On This Day In Judy Garland’s Life And Career – June 21

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“Her story is one of the very saddest Hollywood has ever known in its history of many tragedies” – Louella Parsons, 1950

Judy Garland on Frank Morgan's Varieties June 21, 1937

June 21, 1937:  Judy made another appearance on the 15-minute limited series “Frank Morgan’s Varieties” starring MGM’s Frank Morgan.

Judy was listed as being a part of the shows that aired on June 6th, 14th, 21st, 28th; July 5th, 12th, 19th, 26th; and August 2nd & 9th.  She’s not listed in the final three episodes on August 16, 23, & 30.  No recordings are known to exist of any of the shows nor is there any information as to what Judy sang.

For other Garland radio performance from this era and other eras, check out The Judy Room’s “Judy Sings! On the Radio” pages.


June 21, 1938:  MGM recording session for Love Finds Andy Hardy.  Judy pre-recorded “It Never Rains But What It Pours” and “Bei Mir Bist Du Schoen.”  “Bei Mir Bist Du Schoen” was cut.  It’s unclear if it was ever filmed but it most likely was not.  That’s too bad as it’s a great vocal by Judy.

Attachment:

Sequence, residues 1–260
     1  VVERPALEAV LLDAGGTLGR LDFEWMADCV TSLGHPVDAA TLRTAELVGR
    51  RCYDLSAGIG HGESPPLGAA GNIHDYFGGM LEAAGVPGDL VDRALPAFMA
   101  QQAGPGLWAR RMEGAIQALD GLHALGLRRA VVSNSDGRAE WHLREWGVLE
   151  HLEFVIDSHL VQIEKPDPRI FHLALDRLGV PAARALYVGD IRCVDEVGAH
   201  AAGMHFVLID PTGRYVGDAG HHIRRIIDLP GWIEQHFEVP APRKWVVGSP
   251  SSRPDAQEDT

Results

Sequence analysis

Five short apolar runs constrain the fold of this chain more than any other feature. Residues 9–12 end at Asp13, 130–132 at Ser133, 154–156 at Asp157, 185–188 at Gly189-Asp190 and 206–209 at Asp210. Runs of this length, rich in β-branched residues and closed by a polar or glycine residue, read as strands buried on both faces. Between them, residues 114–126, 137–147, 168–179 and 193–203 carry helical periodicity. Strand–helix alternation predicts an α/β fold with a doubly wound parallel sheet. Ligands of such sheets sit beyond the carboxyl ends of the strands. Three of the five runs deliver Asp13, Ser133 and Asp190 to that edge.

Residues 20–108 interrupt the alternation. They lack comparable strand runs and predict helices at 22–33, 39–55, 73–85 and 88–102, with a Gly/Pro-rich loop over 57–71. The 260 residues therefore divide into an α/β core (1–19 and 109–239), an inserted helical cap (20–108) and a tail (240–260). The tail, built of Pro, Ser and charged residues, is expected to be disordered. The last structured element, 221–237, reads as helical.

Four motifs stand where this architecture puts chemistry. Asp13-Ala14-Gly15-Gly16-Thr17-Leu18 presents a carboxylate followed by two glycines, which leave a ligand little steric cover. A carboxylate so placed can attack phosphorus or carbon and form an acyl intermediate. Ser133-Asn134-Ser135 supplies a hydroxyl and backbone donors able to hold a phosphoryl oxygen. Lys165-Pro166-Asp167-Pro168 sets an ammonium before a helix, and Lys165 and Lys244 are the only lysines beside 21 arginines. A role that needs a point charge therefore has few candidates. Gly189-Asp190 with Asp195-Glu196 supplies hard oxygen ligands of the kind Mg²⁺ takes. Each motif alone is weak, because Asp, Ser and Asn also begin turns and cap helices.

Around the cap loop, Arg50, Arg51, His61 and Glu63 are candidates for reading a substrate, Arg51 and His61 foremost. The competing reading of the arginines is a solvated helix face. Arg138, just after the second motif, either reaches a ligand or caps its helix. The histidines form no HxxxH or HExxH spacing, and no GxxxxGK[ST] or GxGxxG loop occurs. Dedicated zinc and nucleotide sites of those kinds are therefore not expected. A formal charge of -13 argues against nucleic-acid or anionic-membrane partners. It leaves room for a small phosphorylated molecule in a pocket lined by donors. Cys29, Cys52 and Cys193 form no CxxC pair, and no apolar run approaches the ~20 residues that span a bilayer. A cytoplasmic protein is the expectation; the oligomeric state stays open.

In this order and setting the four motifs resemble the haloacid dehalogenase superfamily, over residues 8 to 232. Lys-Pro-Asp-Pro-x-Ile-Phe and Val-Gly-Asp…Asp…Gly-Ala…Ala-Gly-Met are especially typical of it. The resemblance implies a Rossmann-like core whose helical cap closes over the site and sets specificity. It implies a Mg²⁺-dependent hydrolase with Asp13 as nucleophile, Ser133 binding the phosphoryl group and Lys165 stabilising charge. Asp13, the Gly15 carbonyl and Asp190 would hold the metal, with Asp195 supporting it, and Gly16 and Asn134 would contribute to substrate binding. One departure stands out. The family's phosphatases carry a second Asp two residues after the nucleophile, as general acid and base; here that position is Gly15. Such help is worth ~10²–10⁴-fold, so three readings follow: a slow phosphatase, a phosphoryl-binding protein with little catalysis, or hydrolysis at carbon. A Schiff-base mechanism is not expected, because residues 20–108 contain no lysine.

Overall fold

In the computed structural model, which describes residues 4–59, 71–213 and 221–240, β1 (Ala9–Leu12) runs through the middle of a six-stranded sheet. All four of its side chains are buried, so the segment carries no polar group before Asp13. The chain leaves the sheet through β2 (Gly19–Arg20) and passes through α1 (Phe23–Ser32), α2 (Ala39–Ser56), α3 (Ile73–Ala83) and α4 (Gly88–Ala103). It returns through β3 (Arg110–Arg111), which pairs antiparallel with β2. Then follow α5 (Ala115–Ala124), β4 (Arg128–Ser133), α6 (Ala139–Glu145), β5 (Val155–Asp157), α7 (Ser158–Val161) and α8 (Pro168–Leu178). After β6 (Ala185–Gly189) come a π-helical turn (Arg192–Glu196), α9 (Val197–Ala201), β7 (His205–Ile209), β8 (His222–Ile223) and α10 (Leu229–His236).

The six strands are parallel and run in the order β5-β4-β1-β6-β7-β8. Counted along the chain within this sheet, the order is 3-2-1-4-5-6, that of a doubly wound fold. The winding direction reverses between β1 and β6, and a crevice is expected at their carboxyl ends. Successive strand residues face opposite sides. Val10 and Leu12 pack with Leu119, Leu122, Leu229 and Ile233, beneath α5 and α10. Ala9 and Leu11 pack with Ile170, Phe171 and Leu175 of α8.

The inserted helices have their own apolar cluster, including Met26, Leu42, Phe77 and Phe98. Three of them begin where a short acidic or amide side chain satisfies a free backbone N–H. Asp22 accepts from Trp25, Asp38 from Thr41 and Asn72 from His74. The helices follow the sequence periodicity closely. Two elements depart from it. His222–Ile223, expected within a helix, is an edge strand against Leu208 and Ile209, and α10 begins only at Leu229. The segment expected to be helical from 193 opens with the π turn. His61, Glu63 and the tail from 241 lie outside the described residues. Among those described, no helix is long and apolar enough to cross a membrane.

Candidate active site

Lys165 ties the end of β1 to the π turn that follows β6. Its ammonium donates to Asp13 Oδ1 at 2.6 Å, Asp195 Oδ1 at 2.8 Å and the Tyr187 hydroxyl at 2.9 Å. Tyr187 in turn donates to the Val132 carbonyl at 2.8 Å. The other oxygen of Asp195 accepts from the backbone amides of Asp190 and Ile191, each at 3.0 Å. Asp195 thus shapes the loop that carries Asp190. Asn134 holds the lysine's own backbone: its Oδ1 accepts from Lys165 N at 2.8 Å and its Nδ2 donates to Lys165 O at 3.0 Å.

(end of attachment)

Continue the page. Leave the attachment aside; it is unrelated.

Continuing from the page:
“Bei Mir Bist Du Schoen” has an interesting history in regards to MGM Records’ soundtrack albums.  The pre-recording was included in the label’s 1962 release “The Judy Garland Story Vol. 2 – The Hollywood Years.”  The LP was a follow-up to the previous year’s “The Judy Garland Story – The Star Years.”  It was the first time that the label released Garland soundtrack performances from before the soundtrack era (that began in 1947) presenting recordings made directly from the film soundtracks and, in the case of “Bei Mir Bist Du Schoen,” a couple of studio pre-recordings.  The other outtake was the prerecording of “You Can’t Get A Man With A Gun” from Annie Get Your Gun (1949).